The Plague In Oedipus The King

1797 Words 8 Pages
While a powerful tragic piece departs its reader with a sense of relief, it first derails the reader 's emotions into a frenzy of fear, pity, and sorrow. In Sophocles’ tragic play, Oedipus the King, Oedipus must save Thebes from the dreadful fortune cursed upon them. What Oedipus fails to realize is that he caused the plague through his fulfilled prophecy: to exchange rings with his mother and to terminate his father’s life. Over the course of the play, Oedipus slowly unravels his origins. His curiosity drives him to search for answers and reveal the truth, while the audience fearfully anticipates each step. For Oedipus, however, the truth that will haunt him the most and cause the greatest pain. Throughout the play, Sophocles twists the overlapping …show more content…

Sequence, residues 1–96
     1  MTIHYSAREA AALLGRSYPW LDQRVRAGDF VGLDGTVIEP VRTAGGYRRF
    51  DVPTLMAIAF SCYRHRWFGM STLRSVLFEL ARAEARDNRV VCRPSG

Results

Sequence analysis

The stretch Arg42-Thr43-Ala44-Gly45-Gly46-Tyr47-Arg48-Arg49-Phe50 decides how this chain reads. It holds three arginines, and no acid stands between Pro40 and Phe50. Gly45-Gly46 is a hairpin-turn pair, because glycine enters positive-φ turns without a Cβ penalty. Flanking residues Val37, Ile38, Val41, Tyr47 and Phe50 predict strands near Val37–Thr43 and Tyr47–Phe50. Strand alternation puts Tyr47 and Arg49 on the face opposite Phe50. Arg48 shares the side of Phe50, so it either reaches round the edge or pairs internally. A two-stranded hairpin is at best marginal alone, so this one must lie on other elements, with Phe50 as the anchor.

Even so, the king does not connect the story and prophecy, and remains oblivious to the situation. He proceeds to express interest in summoning the herdsman, although there is sufficient evidence of the prophecy coming true. Watching Oedipus blinded by his explicitly obvious storyline elicits pity in the audience. As Sophocles portrays Oedipus as almost naïve, the audience naturally sympathizes with his misfortune and oblivion to the truth. Following the pity is the fear of Oedipus’ suffering. Once Oedipus begins gorging out his eyes, the messenger describes the incident by saying, “Black blood came pouring like a shower of hail” (l. 1238). The image of Oedipus’ blood spurting out of his eyes is an abnormally gory and abhorrent idea that unsurprisingly induces fear. It is one manner to say Oedipus ripped out his eyes, but the imagery that Sophocles paints causes the audience to fear Oedipus’ reaction and what else he might do. Next is the audience’s sorrow when Oedipus speaks to his daughters. As Creon brings the daughters for Oedipus’ final goodbyes, Oedipus says, “Then who will marry you? /No-one, my children. Marriage is not for you” (ll. 1453-1454). Oedipus’ daughters are still pure and innocent, oblivious to their father’s horrendous life. Even so, Oedipus’ plague affects his daughters, and no one will touch a woman with an ill family history. The misfortune brought upon the young girls causes the audience to feel sorrow once seeing untainted, harmless babies, stained and doomed by her their father’s destiny. At last, when the chorus ends the play, the audience’s emotions are purged. Oedipus finally leaves Thebes, and the chorus imparts the ending by stating, “That is why we wait until we see the final day, /Not calling anybody happy who is mortal/Until he has passed the

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